The oldest Germanic word for "wedding" is represented by Old English brydlop (also brydhlop) (liken Old High German bruthlauft, Old Norse bruðhlaup), literally "bride run," the conducting of the woman to her new home. Bride can also mean wedding ... It could also mean the newly wed twosome going to their new home.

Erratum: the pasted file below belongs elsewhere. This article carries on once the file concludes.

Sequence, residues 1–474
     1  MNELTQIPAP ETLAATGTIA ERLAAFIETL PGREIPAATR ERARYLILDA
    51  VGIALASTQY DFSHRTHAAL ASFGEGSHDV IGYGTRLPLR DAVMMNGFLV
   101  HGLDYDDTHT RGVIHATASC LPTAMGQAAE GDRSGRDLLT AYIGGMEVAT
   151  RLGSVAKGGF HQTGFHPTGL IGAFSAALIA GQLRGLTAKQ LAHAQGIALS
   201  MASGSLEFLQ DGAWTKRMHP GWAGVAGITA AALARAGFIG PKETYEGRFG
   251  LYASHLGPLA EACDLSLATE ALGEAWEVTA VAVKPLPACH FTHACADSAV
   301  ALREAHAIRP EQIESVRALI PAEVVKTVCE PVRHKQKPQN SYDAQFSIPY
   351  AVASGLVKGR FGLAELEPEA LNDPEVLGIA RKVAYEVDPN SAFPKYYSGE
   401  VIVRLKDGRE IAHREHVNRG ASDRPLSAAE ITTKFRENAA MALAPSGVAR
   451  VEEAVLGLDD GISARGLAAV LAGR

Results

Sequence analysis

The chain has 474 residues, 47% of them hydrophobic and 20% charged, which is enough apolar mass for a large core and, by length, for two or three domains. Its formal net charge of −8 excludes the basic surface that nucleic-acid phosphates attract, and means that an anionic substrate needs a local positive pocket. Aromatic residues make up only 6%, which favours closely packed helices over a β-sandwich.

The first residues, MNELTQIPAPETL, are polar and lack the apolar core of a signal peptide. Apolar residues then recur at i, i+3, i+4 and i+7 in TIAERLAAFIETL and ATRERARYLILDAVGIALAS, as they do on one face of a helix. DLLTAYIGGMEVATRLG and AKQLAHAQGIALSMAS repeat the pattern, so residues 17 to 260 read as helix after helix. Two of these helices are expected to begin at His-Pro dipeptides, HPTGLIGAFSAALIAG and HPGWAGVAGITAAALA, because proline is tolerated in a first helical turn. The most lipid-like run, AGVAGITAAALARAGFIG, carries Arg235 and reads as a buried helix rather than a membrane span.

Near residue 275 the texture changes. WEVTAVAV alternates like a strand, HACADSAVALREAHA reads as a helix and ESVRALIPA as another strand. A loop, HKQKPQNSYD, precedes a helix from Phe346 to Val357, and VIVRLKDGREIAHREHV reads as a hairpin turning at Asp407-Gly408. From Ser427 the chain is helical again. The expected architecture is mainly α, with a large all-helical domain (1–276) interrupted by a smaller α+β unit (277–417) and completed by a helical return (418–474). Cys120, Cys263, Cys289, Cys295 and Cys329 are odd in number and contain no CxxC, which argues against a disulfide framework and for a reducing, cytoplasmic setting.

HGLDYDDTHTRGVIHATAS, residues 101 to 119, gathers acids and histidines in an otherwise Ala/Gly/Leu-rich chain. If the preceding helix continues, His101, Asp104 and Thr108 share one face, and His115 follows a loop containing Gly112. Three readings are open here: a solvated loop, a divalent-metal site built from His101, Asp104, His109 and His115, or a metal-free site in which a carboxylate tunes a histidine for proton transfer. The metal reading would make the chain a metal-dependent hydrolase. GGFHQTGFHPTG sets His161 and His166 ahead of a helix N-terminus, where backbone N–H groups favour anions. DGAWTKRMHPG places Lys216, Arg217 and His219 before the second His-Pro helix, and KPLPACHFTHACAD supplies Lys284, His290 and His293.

In early kennings ("bride-banquet") the brýd could as well mean "wedding" as "the marrying woman", and indeed sometimes ("bridal couple") it cannot to be only about the woman. At first brýd was a broader term which "had the force of ‘bridal, wedding’ (the primitive marriage being essentially the acquisition of a bride)". (OED) Thus the brýdguma (bridegroom) was not 'the bride's man'; he was 'the wedding man'.